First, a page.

Finally, the robot may be untethered but include communications with the end nodes. In this embodiment, the robot locomotes down the pipe and uses any or all of the computed odometry methods to navigate the pipe. The robot may also use a pinger for time-of-flight based odometry. The robot may record data onboard and make navigation decisions onboard, or the wireless communications means may be used to communicate with the end nodes so that these decisions can be made offboard. Independent power is available onboard the robot as well as at any of the end nodes.
2. Lateral Pipe Methods
There are many different ways in which one or two robots can be utilized to navigate through and inspect lateral pipes that intersect with the main pipe at some location. For example, a second smaller robot could be docked to the main inspector robot, and this second robot could be released into the lateral. For odometry, as shown in
Likewise, a “lateral” inspection robot may be inserted directly into a lateral pipe from the surface. In this example, the mechanical tether 840 would be tied to the lateral opening 830 at the surface, as shown in the third lateral (right side) of
As described above with respect to the single (main) pipe, the mechanical tether could be replaced with a communication only tether, a communication and power tether, or the tether could be completely removed with the robot still being in communication with an end node or top side via conventional communications techniques. In short, each of the various methods described above with respect to the main (
3. Robot Retrieval Modes
If the robot completes a run successfully and reaches the end manhole (or other point of egress), the robot preferably waits for the retrieval at that point or is programmed to return to the ingress manhole for collection by the operator. However, if the robot reaches a blockage or for some other reason is not able to complete its run, the robot is preferably programmed to return to the ingress manhole while re-spooling its tether (if the robot is tethered at all) and wait for removal. By waiting at the end manhole, the robot saves power and reduces recharge time for subsequent deployments, but it will be necessary to have sufficient battery capacity to return to the ingress point in case a blockage is reached near the endpoint in the run. Having separate ingress and egress locations also requires the technician to visit both manholes, the first to disconnect the tether anchor (if applicable) and the second to retrieve the robot. Programming the robot to return to the ingress manhole is thus preferred.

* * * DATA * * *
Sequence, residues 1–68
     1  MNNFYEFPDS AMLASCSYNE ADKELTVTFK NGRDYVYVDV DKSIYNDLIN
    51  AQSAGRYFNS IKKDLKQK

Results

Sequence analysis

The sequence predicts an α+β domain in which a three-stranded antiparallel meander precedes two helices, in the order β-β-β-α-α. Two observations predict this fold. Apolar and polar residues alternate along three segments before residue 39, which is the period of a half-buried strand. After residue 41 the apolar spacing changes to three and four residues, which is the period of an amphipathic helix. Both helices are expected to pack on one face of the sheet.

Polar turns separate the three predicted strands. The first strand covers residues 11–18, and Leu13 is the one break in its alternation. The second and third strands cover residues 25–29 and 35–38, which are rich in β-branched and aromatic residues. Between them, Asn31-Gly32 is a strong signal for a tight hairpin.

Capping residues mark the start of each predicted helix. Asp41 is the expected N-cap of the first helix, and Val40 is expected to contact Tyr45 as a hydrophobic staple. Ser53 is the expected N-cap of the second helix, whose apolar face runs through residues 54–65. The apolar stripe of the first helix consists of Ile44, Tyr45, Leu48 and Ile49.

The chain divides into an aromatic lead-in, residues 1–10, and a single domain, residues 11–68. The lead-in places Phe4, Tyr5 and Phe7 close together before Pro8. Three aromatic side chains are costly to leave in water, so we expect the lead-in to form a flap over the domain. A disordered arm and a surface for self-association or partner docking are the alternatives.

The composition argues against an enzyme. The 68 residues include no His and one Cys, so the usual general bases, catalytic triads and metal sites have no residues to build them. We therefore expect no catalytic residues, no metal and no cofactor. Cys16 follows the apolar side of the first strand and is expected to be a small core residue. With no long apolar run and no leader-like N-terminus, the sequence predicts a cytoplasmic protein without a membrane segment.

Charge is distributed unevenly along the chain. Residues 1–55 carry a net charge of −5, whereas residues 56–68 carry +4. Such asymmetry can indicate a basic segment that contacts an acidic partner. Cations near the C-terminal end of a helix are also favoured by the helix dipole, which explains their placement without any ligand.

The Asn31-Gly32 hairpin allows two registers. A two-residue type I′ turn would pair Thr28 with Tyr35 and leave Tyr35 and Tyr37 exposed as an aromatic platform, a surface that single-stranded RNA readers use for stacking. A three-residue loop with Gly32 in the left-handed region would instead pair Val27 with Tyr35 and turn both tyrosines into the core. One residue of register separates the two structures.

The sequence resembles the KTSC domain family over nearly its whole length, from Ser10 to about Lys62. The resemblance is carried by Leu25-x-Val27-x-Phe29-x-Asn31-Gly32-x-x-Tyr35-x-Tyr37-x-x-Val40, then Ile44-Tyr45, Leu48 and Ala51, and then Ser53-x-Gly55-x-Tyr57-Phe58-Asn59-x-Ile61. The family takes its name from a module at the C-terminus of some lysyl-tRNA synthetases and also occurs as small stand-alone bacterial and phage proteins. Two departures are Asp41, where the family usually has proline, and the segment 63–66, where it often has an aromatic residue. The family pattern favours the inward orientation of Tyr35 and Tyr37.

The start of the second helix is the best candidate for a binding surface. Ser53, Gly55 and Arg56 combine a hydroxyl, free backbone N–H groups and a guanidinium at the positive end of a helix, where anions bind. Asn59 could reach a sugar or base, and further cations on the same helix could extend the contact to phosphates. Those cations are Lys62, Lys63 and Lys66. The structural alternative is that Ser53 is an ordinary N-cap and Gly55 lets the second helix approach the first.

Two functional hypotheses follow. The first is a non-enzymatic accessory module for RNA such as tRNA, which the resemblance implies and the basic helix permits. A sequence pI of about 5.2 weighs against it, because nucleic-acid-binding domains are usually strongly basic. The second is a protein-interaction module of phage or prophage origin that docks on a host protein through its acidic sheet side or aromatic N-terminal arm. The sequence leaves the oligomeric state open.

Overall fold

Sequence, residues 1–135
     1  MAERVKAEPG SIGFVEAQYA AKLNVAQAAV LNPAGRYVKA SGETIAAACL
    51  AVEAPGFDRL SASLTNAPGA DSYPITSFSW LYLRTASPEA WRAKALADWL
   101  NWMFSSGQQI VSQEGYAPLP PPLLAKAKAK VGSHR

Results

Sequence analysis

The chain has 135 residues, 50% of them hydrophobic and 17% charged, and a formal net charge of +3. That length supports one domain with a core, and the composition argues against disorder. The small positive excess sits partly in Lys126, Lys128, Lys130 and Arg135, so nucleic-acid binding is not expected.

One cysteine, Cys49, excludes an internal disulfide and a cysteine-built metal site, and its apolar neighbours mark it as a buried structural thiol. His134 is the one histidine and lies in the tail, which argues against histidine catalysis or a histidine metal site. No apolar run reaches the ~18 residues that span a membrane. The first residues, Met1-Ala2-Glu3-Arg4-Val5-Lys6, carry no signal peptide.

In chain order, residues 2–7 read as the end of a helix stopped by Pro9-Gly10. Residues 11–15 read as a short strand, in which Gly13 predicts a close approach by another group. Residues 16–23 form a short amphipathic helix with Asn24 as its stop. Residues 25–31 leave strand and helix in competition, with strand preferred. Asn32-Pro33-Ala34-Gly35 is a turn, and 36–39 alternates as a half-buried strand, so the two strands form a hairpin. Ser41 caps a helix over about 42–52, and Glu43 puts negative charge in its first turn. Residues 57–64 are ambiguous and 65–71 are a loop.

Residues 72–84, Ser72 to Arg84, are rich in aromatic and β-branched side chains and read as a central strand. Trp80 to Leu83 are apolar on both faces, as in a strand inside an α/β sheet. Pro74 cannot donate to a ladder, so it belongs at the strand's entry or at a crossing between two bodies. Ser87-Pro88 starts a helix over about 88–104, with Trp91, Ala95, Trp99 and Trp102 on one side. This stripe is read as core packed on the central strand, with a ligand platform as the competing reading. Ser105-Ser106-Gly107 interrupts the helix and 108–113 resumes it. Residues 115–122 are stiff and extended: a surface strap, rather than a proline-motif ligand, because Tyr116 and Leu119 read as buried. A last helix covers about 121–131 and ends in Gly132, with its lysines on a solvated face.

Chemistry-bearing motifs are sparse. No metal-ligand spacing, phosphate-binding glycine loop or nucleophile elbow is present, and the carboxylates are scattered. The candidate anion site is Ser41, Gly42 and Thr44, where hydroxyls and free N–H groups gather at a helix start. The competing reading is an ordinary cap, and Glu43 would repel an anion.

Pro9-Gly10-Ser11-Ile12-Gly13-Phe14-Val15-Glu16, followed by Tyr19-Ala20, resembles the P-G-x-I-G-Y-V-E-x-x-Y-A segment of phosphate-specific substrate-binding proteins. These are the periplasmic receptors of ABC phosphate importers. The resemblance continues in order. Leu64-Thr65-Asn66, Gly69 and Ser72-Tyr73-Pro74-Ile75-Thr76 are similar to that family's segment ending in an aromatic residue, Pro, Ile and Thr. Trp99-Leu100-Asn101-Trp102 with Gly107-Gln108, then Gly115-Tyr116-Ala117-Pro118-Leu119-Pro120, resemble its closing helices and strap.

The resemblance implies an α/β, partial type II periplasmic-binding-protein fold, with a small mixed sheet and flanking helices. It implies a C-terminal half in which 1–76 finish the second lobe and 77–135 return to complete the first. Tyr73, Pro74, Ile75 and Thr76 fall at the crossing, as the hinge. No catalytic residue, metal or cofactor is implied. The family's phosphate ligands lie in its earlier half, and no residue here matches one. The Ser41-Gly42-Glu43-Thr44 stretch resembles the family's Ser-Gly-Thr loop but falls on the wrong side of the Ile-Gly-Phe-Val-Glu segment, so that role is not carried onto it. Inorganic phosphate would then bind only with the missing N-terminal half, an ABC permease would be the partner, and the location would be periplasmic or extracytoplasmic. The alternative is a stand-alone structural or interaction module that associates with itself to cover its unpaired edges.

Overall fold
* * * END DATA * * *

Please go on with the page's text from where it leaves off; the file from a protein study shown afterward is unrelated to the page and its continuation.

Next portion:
Example of the Robot in Use
The use of the robot of the present invention to inspect a pipe network begins with deployment. A truck carrying the robot arrives at the ingress manhole. Proper optional attachments (e.g., wheels (
Once initiated, the robot begins recording pipe inspection according to its software. Navigation is determined and the robot steers to avoid obstacles. If the robot gets stuck after several attempts to move, the robot reverses its direction and returns to its point of ingress. If no blockage is encountered, the robot continues down the pipe gathering image data (preferably digital data that can be compressed into JPEG or MPEG on the fly) until it reaches the end of its run. Either at this location, or after return to its point of ingress, the robot preferably awaits retrieval by the operator.